The story now switches to Kenzo Tange. As an undergraduate, his instructors included Hideto Kishida and Yoshikazu Uchida, two architects who built mostly at the University of Tokyo campus. Uchida is best known for his 1935 Yasuda Auditorium, but there is also the General Library and the Institute of Science First Building. In 1935, Uchida was president of the Architectural Institute of Japan and probably Japan’s most important architect at the time. Strangely, Kishida is also credited with the design of Yasuda Auditorium but there was also the Faculty of Science Building No. 1.

These university professors weren’t campus planners but architects paid by the university to run their own practices. (Kazuo Shinohara ran an “atelier” at Tokyo Institute of Technology, under this system. His contribution to the TT campus was Centennial Hall.) So in 1939 Tange was back at Tokyo University as a postgraduate student and, in 1942, won a competition for the (never built) Greater East Asia Co-Prosperity Sphere Memorial Hall and, most likely on the back of this, became assistant professor in 1946 and began his own studio within the university. Now designing for peace, he won the competition for the Hiroshima Peace Memorial in 1949 (although Denthe layout of the Greater East Asia Co-Prosperity Sphere Memorial Hall is said to be similar[1] according to David B. Stewart (misnamed as Denis B. Stewart in Tange’s Wikipedia entry.)

Hiroshima Peace Memorial was completed in 1955 but, in 1951, Tange designed a house for himself, completed 1953, and the only house he’s known to have designed. Designed after 1949 and completed by 1953, its an apparent precursor to Hiroshima Peace Memoria when elevating it on syncopated structural bays make it Hiroshima Peace Memorial reprised in miniature. Japanese people look at its elevated box and see Ise Shrine. Westerners look at its elevated box and see Japanese-style Modernism. Design is part of the mechanics of architectural fame, but a tangential one.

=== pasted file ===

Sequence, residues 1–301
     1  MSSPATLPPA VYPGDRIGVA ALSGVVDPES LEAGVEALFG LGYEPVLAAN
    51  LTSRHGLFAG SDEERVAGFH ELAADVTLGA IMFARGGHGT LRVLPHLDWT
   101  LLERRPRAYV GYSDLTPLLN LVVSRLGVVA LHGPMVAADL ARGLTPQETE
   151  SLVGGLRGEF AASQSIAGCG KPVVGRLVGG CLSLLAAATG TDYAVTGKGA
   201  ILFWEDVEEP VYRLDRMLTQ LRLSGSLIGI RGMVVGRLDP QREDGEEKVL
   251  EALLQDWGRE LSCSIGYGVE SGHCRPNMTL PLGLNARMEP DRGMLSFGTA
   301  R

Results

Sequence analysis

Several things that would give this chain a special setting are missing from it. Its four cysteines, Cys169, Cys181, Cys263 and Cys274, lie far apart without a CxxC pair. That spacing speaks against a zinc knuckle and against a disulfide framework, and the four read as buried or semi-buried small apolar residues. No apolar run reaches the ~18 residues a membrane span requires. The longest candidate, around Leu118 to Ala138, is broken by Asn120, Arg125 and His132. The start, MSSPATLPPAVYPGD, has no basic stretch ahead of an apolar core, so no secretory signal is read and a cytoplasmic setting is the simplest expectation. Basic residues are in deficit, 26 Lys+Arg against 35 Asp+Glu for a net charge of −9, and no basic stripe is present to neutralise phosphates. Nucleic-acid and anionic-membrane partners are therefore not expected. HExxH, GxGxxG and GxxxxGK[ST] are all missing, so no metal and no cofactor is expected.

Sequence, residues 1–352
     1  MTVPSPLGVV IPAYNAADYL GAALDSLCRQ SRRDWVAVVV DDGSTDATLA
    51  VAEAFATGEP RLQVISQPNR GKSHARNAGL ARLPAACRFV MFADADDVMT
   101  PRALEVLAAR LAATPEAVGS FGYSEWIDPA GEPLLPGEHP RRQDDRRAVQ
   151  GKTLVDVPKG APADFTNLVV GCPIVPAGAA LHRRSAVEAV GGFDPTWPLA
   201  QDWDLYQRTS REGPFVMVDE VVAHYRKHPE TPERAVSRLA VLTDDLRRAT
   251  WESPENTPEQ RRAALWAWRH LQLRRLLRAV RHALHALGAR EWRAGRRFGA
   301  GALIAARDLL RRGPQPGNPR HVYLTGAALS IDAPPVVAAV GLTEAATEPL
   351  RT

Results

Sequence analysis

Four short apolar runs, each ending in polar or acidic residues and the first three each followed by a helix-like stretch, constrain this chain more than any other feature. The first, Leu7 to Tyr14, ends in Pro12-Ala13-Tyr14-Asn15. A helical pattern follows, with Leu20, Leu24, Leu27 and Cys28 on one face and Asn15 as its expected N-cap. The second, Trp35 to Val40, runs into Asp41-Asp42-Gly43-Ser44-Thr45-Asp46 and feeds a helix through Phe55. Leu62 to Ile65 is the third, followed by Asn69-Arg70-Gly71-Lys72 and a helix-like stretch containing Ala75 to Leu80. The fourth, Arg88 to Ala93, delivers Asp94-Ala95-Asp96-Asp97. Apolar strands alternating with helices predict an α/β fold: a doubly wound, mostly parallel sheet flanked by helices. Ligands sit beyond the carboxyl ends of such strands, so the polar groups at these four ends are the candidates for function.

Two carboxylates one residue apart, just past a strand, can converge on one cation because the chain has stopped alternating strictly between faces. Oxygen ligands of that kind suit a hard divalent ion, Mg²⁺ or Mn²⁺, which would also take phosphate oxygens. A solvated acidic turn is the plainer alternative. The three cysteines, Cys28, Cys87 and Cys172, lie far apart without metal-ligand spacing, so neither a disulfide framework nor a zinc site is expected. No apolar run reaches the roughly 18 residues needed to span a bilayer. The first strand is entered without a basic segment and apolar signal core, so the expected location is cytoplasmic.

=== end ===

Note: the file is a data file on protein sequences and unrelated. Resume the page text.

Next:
After those two, things happened quickly.

  • 1949–1955 Hiroshima Peace Memorial
  • 1953 Own House
  • 1953 Hiroshima Childrens’ Library
  • 1954-1958 Kagawa Prefectural Government Office
  • 1957 Sunpo Kaikan
  • 1960 Kurashiki Town Hall
  • 1960 Tokyo Masterplan
  • 1961 Yamanashi Press and Broadcaster Centers
  • 1962 Ninchinan Cultural Centre
  • 1963 National Gymnasium 1 and 2
  • 1964 St. Mary’s Cathedral

Tange had been an associate professor at University of Tokyo since 1946, and already known as the designer of Hiroshima Peace Memorial when a student called Arata Isozaki enrolled in the early 1950s. Isozaki was therefore an undergraduate at the same university as Tange from, say, 1951 to 1954 and doing a PhD and/or in Tange’s office until 1963. He would have known of or witnessed all the above projects. Nine years is a long time in the office of a successful architect but Isozaki also managed to propose City In The Air (1960) and design and have built the Oita Medical Library (1962) and the Oita Prefectural Library (1962–1966), both in his home province/prefecture. I sense connections.

It’s said the ideal time for an architect to leave and start one’s own practice is when they have one project on the go and the promise of another. By 1962 Isozaki had seen and learned enough, already had a significant media presence and some significant completed projects. Time to go. One thing odd about Arata Isozaki is that he not only learned the ropes but had his early successes while still working for Kenzo Tange. His career and practice were undoubtedly successful by all the standard metrics, but it terminated that particular chain of fame. If any architect left Isozaki’s office and went on to recreate the magic for themselves, we would’ve heard about them by now. Isozaki’s role in keeping architecture going was to take a different form by selecting Zaha Hadid the winner of the 1982-1983 peak competition.